Where do you put your flyers

Discussion in 'Industry Surveys & Polls' started by mowerdude777, Mar 14, 2010.

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Where do you put flyers in this situation

  1. Put them at the front door

    41 vote(s)
    58.6%
  2. Put them at the mailbox

    19 vote(s)
    27.1%
  3. Both

    10 vote(s)
    14.3%
  1. electronics2667

    electronics2667 LawnSite Member
    Posts: 99



    I support the doorknob hanging bags. With this you can meet the person face to face & have a better chance of get the yard.
     
  2. kgcs

    kgcs LawnSite Senior Member
    Posts: 307

    Then inform me of a regulation against this. According to the current regulation, unless they changed it since I posted this, this is perfectly legal.
     
  3. Darryl G

    Darryl G LawnSite Fanatic
    Posts: 8,138

    Yah, you're right...go ahead and do it...go opening peoples mailboxes and putting stuff in them with a one cent stamp on them....ain't you clever, rofl.
     
  4. kgcs

    kgcs LawnSite Senior Member
    Posts: 307

    It might not be ethical but it is legal. I would recommend putting on the outside of the mail box though.
     
  5. Darryl G

    Darryl G LawnSite Fanatic
    Posts: 8,138

    Rofl...I give up!
     
  6. Darryl G

    Darryl G LawnSite Fanatic
    Posts: 8,138

    If you want to try putting a one cent stamp on your flier and violate federal law by opening people's mailboxes, I say go for it...they should get a real kick out of it. And you can't put it ON the mailbox either. Find a legal way to advertise!!!!!!!!!!!

    8.3 Mailable Matter Without Postage in or on Mail Receptacles
    8.3.1 Penalty
    [11-29-09] Whoever knowingly and willfully deposits any mailable matter (such as statements of account, circulars, sale bills, or other like matter) on which no postage is paid, in any letterbox established, approved, or accepted by the Postal Service for the receipt or delivery of mail matter on any route, with intent to avoid payment of lawful postage thereon, shall for each such offense be fined not more than $5,000.00 per individual or $10,000.00 per organization (18 USC 1725, 3571).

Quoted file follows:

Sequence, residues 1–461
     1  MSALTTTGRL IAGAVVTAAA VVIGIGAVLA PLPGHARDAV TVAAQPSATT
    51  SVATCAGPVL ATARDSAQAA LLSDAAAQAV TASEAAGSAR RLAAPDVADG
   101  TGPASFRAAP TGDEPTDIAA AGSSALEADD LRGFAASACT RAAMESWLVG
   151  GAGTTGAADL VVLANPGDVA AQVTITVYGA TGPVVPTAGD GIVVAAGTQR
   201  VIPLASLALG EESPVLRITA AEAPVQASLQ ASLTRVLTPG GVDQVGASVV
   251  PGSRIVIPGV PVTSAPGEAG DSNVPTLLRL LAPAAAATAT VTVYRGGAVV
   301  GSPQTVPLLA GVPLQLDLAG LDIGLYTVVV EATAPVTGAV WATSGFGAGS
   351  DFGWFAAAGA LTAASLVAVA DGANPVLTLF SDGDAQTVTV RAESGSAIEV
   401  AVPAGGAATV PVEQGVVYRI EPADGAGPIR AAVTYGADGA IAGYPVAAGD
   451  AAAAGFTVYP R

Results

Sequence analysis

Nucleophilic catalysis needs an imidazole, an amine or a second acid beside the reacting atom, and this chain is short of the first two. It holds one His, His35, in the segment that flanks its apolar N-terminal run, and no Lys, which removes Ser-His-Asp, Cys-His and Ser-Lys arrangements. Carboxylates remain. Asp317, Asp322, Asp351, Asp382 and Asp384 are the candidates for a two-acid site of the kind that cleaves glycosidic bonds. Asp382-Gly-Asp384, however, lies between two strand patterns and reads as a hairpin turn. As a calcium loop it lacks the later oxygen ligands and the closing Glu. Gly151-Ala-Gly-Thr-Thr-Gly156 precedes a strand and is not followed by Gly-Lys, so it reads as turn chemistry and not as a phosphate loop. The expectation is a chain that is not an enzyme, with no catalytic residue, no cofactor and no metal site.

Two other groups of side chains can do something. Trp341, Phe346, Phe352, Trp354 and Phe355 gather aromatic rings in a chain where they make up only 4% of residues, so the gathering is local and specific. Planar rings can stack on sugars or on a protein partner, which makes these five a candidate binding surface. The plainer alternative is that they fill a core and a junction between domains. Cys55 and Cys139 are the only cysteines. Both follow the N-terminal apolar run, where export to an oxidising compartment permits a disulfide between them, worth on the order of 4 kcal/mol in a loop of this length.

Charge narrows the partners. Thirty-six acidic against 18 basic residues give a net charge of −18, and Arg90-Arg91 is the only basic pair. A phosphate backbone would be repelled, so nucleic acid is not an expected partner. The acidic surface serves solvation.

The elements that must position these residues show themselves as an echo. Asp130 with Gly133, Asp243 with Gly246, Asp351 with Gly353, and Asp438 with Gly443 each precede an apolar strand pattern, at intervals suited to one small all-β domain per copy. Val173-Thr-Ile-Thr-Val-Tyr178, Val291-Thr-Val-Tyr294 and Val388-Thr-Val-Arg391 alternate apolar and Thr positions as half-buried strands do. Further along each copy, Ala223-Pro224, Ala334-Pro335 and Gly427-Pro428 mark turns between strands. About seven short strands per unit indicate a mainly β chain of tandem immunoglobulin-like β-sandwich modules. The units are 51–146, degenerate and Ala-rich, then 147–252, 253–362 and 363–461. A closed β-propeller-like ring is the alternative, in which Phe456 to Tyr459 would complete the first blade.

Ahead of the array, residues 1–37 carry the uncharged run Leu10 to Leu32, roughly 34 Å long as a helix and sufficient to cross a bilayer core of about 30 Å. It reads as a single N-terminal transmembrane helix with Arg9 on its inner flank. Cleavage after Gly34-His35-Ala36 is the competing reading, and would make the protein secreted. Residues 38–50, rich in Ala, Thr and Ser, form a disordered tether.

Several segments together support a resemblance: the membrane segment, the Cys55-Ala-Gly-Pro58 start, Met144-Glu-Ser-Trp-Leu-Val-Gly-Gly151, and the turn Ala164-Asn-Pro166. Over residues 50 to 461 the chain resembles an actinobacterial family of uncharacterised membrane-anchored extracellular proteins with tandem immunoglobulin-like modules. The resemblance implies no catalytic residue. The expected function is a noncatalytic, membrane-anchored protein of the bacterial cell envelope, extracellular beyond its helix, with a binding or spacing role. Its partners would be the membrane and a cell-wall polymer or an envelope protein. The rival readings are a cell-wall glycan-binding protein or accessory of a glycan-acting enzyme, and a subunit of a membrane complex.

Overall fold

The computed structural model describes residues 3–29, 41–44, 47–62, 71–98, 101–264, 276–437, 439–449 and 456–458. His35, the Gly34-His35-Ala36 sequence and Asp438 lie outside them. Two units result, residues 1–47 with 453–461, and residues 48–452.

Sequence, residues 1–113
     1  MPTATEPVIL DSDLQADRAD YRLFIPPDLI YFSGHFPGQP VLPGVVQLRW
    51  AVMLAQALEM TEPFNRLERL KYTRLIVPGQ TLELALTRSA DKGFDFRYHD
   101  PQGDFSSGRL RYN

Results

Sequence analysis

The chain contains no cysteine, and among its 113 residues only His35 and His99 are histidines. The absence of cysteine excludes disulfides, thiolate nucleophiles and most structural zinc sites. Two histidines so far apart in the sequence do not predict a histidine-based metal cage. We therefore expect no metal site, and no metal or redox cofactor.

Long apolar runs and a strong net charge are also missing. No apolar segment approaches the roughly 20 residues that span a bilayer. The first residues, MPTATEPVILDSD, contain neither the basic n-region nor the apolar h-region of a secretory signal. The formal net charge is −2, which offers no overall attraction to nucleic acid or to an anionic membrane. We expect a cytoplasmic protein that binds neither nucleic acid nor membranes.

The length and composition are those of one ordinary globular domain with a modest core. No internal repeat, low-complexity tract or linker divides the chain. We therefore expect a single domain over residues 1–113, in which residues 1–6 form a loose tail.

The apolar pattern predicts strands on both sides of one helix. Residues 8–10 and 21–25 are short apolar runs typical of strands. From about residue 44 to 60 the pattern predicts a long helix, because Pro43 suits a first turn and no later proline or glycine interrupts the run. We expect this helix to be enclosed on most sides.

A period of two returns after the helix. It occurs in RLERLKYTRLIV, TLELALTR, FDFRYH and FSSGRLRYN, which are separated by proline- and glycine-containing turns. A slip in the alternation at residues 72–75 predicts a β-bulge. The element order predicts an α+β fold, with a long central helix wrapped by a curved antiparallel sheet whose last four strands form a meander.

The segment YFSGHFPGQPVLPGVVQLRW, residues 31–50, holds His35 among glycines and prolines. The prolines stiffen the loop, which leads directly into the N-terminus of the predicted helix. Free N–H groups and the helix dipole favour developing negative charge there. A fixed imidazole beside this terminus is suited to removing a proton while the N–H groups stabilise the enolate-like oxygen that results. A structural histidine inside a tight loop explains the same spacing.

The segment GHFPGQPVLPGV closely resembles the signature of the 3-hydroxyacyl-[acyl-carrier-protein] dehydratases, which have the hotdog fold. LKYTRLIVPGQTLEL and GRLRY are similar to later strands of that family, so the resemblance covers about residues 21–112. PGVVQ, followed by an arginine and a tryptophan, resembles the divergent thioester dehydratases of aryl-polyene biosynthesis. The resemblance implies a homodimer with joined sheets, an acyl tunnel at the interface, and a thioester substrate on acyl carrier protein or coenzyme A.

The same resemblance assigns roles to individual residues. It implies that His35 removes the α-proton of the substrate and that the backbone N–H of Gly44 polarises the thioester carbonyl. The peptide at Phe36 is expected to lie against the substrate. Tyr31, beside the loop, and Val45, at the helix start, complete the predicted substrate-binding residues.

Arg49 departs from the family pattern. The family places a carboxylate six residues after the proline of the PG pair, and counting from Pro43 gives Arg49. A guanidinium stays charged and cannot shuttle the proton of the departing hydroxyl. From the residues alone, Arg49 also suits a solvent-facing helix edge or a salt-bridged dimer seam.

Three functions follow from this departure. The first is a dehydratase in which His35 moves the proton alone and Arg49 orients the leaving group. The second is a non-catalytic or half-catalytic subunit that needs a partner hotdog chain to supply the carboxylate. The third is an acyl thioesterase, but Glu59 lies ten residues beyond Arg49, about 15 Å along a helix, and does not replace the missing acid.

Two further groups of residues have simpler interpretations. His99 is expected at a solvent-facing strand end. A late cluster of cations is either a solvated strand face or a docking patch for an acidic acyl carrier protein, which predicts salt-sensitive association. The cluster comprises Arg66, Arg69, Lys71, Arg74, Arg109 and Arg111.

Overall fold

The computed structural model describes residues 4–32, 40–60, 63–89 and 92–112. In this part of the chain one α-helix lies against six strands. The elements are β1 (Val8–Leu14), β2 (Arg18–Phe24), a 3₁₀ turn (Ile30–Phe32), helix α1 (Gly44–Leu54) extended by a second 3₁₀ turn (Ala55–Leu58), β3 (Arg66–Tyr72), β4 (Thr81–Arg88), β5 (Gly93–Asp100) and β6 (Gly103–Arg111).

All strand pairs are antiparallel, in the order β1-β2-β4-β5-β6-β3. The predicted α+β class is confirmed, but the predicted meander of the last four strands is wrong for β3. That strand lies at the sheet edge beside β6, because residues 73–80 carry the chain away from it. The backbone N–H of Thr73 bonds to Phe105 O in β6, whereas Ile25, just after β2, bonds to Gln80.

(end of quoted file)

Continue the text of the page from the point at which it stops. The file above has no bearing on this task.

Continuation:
8.3.2 Liability for Postage
    Except for limited use by newspapers under 508.3.0, any mailable matter not bearing postage found in, upon, attached to, supported by, or hung from private mail receptacles described in 508.3.0 is subject to payment of the same postage if carried by mail.

    8.3.3 Full Distribution
    If there is a distribution of identical pieces to all or substantially all addresses on a route, only a representative number of pieces is returned to the delivery unit. Postage is computed as described in 8.3.4.

    8.3.4 Partial Distribution
    If there is a distribution of pieces to some, but not all, addresses on a route, pieces are returned to the delivery unit for use in computing the postage due. First-Class Mail prices are applied to matter that would require First-Class Mail postage if mailed. For other matter, if the piece weighs less than 16 ounces, the applicable single-piece First-Class Mail or Priority Mail price based on the weight of the piece is applied, or an applicable Package Services price is applied, whichever is lower. If the piece weighs 16 ounces or more, the Package Services price is applied.

    8.3.5 Known Distributor
    If there is reason to believe that a private delivery firm or an individual within the Post Office delivery area is responsible for the delivery, the local postmaster notifies that party of the number of pieces and the postage due. If, within 5 days after notice, the firm or individual agrees to pay the postage due, payment is accepted and the pieces are delivered to the addressees. The party paying the postage may choose to redeliver the pieces rather than have the USPS deliver them. If the pieces are found to have been removed from receptacles improperly, they are delivered without postage charge.

    8.3.6 Unknown Distributor
    If the party responsible for delivery is not known or if the firm requested fails to pay the postage, the pieces are returned to the publisher or manufacturer, postage due and endorsed to show they were found in or on the addressee's mailbox without postage. If a publisher or manufacturer gives the name and telephone number of a person to contact and guarantees postage payment, the pieces are redelivered to the addressees. If the publisher or manufacturer is unknown or refuses the pieces, the matter is treated as dead mail.
     
  7. HUSTLERGUY10

    HUSTLERGUY10 LawnSite Member
    Posts: 5

    If you place a flyer with one cent postage on it in the mailbox and IT HAS NOT BEEN CANCELED BY POST OFFICE the carrier will pick it up and return it or redeliver it the next day as postage due. I really doubt many people would give you business if you send them a postage due letter. I know this for a fact because I have been a letter carrier for the USPS for 32 yrs.
     
  8. electronics2667

    electronics2667 LawnSite Member
    Posts: 99

    This guy don't have any sense at all or he is so cheap that he will not follow the USPS rules.
     
  9. Darryl G

    Darryl G LawnSite Fanatic
    Posts: 8,138

    i've been through this a half dozen times and you can cite people the regs and they still won't listen
     
  10. kgcs

    kgcs LawnSite Senior Member
    Posts: 307

    I was not say to actually do it. That is why I said that it was not ethical. I just came across this forum and I read what people said and I realized that there was a loophole in the law. I was just stating that the person that already put flyers on mailboxes already (not inside) could now legally do it. They would just have to put the stamp on the back or somewhere. Also, I am not cheap, I mail my postcards to my potential customers for the full postcard rate which is $0.28 per piece.
     

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